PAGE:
About This Item
- Full text of this item is not available.
- Abstract PDFAbstract PDF(no subscription required)
Share This Item
The AAPG/Datapages Combined Publications Database
Lower Vicksburg sandstones in the McAllen Ranch field, Hidalgo County, Texas, form multiple reservoirs for natural gas at depths that range from 9,300 to 15,400 ft (2,790 to 4,620 m). Core examination shows that the sandstones display ordered sequences of sedimentary structures within beds that average about 4 ft (1.2 m) in thickness. Thicker sandstones are massive below and horizontally laminated above and represent turbidites of the AB type which are probably of channel origin. Thinner sandstones are dominated by laminated and rippled beds that represent turbidites of the BCD type which are probably of overbank origin. Reservoir sandstones appear to represent channel deposits that were closely bounded by levee sediments. Isopach maps show that the sandstones are narrow, linear bodies which have dip trends in the upper part of the section. However, deeper sandstones in the east part of the field show an anomalous strike trend.
Average grain size of the sandstones is 0.13 mm (fine grained), and bed sets typically show textural gradation. Average detrital composition is 16% monocrystalline quartz, 35% feldspar, 39% rock fragments, 9% matrix, and 1% other grains. Total cement, mostly calcite, averages 36% of bulk volume. Porosities range from 7 to 24% and permeabilities from less than 0.1 to 118 md. Higher permeabilities are found in thicker channel turbidites.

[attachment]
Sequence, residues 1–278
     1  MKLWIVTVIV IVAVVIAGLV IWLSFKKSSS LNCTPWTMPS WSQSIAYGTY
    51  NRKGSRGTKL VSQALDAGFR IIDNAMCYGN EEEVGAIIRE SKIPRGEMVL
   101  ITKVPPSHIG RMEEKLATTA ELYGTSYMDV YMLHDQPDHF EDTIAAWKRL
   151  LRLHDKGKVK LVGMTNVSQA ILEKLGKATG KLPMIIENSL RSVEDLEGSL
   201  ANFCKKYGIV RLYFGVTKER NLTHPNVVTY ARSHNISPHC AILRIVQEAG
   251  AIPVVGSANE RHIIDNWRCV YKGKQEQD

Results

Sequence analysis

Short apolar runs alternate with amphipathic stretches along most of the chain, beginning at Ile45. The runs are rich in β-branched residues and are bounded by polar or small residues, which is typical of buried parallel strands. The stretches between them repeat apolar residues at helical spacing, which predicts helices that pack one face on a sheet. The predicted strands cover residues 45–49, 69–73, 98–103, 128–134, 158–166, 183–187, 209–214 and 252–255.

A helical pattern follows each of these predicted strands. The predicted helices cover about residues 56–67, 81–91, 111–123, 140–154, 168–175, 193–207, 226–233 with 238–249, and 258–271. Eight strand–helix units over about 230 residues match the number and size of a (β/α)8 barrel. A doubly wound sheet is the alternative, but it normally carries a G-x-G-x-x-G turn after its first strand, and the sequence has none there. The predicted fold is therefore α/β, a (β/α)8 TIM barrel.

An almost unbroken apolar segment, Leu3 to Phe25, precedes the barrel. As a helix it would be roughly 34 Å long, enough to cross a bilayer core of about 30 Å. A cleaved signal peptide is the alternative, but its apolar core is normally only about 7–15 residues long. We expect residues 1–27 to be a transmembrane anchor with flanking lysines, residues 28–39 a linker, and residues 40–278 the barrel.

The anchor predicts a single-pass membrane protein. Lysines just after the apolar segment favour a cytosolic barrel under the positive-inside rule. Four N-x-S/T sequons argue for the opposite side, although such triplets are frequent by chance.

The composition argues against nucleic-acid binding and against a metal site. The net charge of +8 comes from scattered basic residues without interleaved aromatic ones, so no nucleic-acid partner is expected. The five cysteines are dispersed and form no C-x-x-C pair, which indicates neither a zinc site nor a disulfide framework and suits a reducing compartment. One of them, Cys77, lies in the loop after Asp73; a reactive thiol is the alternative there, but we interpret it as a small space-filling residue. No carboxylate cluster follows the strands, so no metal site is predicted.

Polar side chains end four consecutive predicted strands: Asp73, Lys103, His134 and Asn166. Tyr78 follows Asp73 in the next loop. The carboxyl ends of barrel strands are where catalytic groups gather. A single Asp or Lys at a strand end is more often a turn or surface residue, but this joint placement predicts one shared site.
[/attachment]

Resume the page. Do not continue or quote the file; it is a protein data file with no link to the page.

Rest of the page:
Structure within the field appears to be dominated by a deep-seated shale uplift which caused the formation of a major growth fault. The normal fault has about 600 ft (183 m) of throw on the downdip side of the shale uplift, but fault-plane dip decreases with depth and becomes essentially parallel with bedding. Below the fault, the Jackson Shale is abnormally pressured and probably folded. Early shale uplift controlled sand distribution by diverting turbidity flows from their normal dip trends. Continued uplift caused slump faulting on the basinward flank, and the fault shows continuous growth with increased thicknesses of lower Vicksburg intervals on the downthrown side. Shale uplift soon ended because trends of later sandstones in the lower Vicksburg are not greatly affected. Howeve , the major growth fault was active through the end of lower Vicksburg deposition. This pattern of early shale uplift and subsequent growth faulting contrasts with previous ideas that attribute shale uplift and faulting to rapid deposition of overlying sediment.
End_of_Article - Last_Page 1596------------